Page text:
It's Easier to Write About Others, Than It is Ourselves

It's Easier to Write About Others, Than It is Ourselves

My biography half-jokes that I write in "first person to ensure you can see my bias – I tend to like myself". I wrote that in part to make light of my discomfort with writing about myself. A discomfort that I was reminded of the past few weeks as I've been doing biographies for various speaking engagements in classrooms.

This past week I had to do my final edits on a book chapter I've written about my experiences as a Hamiltonian, similar discomfort writing about myself. Thankfully this book allows me to write in first person.

I don't know really what you call it, I'll call it irony. It is ironic that I'm very comfortable writing about others but never about myself.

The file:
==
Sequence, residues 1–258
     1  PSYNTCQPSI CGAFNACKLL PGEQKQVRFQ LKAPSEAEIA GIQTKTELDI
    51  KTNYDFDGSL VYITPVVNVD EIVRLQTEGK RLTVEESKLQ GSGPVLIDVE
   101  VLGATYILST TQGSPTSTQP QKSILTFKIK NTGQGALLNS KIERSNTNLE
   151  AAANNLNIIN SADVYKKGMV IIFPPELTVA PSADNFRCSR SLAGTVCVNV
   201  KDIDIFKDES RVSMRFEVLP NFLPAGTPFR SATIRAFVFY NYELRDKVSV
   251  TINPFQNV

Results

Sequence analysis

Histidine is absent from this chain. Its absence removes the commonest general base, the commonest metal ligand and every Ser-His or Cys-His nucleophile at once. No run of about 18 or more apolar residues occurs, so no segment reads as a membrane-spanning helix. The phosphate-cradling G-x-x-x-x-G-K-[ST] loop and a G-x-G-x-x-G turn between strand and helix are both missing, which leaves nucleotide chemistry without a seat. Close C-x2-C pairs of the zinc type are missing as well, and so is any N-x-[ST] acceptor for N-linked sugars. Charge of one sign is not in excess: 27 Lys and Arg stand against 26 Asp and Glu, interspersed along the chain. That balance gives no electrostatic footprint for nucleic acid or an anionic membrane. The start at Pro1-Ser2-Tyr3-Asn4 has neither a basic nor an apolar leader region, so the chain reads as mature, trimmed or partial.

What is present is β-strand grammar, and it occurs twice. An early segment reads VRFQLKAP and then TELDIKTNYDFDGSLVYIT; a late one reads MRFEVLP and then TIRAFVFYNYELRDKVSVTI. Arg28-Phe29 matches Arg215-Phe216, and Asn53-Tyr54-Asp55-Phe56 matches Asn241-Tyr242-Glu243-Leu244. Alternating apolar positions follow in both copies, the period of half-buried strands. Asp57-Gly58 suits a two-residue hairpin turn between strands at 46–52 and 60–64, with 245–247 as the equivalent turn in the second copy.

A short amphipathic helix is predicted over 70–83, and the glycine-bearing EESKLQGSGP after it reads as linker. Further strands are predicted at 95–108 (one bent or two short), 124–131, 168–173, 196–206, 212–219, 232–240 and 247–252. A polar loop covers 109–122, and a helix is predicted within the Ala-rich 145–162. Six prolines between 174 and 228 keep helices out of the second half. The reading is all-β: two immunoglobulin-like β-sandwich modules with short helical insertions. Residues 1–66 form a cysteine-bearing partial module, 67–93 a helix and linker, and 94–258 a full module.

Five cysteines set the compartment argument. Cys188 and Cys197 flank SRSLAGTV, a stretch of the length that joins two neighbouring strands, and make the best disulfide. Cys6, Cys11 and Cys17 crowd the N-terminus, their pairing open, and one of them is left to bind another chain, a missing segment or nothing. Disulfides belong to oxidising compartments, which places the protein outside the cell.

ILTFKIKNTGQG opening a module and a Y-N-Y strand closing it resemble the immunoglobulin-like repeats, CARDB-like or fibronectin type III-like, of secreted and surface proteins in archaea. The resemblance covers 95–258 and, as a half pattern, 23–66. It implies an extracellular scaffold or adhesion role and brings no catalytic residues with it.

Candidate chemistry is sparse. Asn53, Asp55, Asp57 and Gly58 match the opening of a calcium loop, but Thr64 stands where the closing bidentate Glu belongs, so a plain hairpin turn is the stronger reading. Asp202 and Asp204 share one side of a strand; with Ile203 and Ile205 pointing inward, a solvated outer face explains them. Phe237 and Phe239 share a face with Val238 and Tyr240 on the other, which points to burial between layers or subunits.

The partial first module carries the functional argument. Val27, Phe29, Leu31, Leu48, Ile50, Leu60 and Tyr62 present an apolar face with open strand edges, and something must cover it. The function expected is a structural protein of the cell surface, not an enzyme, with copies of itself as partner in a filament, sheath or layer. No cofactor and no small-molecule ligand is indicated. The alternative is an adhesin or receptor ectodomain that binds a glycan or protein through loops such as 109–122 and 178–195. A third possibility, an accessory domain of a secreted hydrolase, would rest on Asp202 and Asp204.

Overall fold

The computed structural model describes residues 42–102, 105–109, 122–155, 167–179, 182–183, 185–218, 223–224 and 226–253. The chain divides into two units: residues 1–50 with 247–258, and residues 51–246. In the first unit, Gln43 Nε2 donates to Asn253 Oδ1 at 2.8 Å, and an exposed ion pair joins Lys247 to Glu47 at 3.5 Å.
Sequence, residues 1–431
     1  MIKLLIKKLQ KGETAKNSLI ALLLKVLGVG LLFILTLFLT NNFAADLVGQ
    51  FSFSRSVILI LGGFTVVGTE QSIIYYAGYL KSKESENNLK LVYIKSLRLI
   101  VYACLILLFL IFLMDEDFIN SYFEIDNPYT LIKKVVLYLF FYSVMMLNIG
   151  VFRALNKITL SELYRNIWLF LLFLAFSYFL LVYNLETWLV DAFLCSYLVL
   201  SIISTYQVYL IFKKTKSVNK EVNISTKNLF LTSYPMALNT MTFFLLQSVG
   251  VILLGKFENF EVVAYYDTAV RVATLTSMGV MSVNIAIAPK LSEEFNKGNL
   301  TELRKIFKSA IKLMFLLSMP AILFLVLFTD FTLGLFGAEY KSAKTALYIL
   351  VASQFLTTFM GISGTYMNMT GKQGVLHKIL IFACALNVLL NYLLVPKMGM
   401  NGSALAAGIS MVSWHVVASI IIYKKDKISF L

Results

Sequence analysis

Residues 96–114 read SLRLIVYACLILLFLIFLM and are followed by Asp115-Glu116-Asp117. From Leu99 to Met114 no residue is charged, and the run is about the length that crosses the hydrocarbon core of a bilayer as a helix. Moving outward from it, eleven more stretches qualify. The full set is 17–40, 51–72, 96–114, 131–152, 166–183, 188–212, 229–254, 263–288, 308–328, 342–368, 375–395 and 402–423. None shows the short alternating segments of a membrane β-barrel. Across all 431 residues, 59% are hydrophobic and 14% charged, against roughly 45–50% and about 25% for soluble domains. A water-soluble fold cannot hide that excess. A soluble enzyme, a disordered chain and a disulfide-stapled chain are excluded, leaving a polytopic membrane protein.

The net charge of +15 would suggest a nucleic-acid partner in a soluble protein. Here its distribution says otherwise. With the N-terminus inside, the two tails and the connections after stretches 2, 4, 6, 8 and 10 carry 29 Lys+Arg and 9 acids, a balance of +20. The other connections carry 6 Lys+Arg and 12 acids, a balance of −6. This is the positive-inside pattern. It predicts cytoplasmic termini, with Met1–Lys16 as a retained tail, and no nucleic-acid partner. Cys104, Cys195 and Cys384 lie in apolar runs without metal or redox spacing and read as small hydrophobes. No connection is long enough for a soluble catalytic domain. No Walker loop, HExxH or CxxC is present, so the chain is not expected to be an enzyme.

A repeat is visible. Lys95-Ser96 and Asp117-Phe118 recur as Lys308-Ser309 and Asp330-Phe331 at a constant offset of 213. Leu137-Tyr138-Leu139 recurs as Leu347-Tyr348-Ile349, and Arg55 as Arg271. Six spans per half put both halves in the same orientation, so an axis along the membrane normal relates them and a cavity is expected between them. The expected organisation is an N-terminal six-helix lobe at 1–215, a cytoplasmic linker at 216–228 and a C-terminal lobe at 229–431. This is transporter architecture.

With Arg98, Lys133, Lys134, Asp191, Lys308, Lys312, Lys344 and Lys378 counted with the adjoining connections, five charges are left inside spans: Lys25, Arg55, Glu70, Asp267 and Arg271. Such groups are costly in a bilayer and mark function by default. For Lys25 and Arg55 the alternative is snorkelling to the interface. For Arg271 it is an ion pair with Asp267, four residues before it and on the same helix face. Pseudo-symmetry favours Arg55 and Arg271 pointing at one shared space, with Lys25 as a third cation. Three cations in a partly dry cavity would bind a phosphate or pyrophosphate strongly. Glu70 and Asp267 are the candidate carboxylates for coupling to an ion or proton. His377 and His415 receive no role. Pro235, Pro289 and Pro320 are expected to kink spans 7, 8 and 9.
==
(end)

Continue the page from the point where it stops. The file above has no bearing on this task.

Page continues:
In the past month have helped a few friends by editing their resumes, job applications, academic applications, and even an awards nomination package. In each of these my friends have remarked that I've been very helpful in describing their skills attributes and abilities.

I've written two reference letters this fall, I found these easy to write - it helped the people's writing about are both excellent candidates for the positions they were seeking.

These were good writing exercises for me; I've been concerned about my writing abilities of late. Writing the day-to-day meetings of City Hall is important work, this I recognize. However, there isn't much variety in this writing, and I feel my writing is become boring because it has become routine.

So to my friends, thank you. Thank you for the opportunity to contribute to your success in a very small way. Thank you for your trust. And next time you thank me for finding time because you think I'm so busy, remember that I benefitted from the opportunity to write something different.

Top photo: One of my agenda binders covering a typical meeting at City Hall.